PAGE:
The finest red and white wines of Burgundy set the standard for Pinot Noir and Chardonnay. At their best, Burgundy wines are the world's most aromatically complex, silky, and seductive wines, thanks to their ineffable combination of fruits, flowers, minerals, and earth, and their ability to project flavor authority without excess weight. But first-rate Burgundies are produced in limited quantities. Burgundy is a minefield for the casual wine lover, as there is still far too much mediocre and grossly overpriced wine. The problem in a nutshell is that a single, small premier cru vineyard may be carved up among a dozen or more owners, and the Burgundy wines produced, even though they sell for roughly the same price at the cellar door, can range from the sublime to the undrinkable, depending on the talent and commitment of the producer.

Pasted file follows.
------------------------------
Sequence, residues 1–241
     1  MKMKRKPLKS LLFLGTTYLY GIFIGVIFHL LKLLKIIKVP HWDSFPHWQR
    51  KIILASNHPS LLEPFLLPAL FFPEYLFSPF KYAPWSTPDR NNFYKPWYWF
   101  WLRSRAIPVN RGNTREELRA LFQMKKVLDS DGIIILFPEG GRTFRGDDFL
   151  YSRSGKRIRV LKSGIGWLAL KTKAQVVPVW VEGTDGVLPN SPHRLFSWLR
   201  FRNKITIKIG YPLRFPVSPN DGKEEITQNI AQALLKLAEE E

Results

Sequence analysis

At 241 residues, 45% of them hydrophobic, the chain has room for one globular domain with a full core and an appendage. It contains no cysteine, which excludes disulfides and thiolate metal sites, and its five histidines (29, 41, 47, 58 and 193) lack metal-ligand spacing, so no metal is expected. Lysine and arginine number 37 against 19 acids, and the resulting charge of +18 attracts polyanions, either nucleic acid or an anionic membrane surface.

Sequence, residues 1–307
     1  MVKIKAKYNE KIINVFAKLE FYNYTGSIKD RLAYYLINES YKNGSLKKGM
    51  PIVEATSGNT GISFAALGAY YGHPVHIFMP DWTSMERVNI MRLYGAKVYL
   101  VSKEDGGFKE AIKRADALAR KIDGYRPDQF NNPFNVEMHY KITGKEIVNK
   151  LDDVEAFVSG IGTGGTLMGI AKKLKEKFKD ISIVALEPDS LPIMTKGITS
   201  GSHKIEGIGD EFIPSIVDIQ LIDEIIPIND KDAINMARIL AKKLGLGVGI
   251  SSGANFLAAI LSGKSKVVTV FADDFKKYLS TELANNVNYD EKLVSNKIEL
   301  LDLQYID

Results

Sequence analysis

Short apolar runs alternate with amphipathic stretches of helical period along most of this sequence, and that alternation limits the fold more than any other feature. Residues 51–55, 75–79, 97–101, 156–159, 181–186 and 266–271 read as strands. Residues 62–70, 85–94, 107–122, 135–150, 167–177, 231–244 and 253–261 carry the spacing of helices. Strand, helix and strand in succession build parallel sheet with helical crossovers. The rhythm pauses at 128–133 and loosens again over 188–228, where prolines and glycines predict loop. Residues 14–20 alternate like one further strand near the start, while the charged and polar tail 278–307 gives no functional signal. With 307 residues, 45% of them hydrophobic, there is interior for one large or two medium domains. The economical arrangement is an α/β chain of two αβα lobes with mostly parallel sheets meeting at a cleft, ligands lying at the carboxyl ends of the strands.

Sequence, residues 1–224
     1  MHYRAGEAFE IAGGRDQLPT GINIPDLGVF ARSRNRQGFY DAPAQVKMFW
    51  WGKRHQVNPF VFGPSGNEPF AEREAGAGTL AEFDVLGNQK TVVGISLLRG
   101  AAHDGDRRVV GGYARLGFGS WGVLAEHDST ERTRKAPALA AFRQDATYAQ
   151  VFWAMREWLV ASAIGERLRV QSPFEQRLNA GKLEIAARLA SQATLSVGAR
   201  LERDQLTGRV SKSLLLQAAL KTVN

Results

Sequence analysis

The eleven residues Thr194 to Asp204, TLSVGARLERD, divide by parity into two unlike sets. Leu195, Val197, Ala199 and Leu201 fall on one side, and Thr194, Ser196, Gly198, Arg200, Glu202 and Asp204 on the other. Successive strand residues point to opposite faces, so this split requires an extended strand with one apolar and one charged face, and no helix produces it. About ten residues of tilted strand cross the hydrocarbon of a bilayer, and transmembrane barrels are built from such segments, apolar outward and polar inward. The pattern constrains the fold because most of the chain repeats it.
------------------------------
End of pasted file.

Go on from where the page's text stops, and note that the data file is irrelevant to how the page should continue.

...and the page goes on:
The Cote d'Or, or ""golden slope,"" is the heart of Burgundy, a 30-mile-long ribbon of vineyards stretching from just south of Dijon to Chagny. But the greater Burgundy region also encompasses Chablis in its extreme north, and the Cote Chalonnaise and Maconnais regions located to the south of the Cote d'Or. Beaujolais, at the extreme southern end of Burgundy, virtually reaches the outskirts of Lyon.